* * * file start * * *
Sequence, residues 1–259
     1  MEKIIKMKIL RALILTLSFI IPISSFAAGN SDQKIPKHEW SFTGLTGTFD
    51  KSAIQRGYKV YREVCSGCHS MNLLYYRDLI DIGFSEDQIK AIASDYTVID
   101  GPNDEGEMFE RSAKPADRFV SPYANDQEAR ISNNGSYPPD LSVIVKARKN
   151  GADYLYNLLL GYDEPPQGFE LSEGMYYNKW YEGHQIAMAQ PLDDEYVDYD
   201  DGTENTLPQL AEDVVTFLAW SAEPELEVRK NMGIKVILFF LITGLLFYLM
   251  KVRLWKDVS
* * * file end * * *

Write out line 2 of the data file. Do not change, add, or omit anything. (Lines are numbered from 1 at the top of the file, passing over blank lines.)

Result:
     1  MEKIIKMKIL RALILTLSFI IPISSFAAGN SDQKIPKHEW SFTGLTGTFD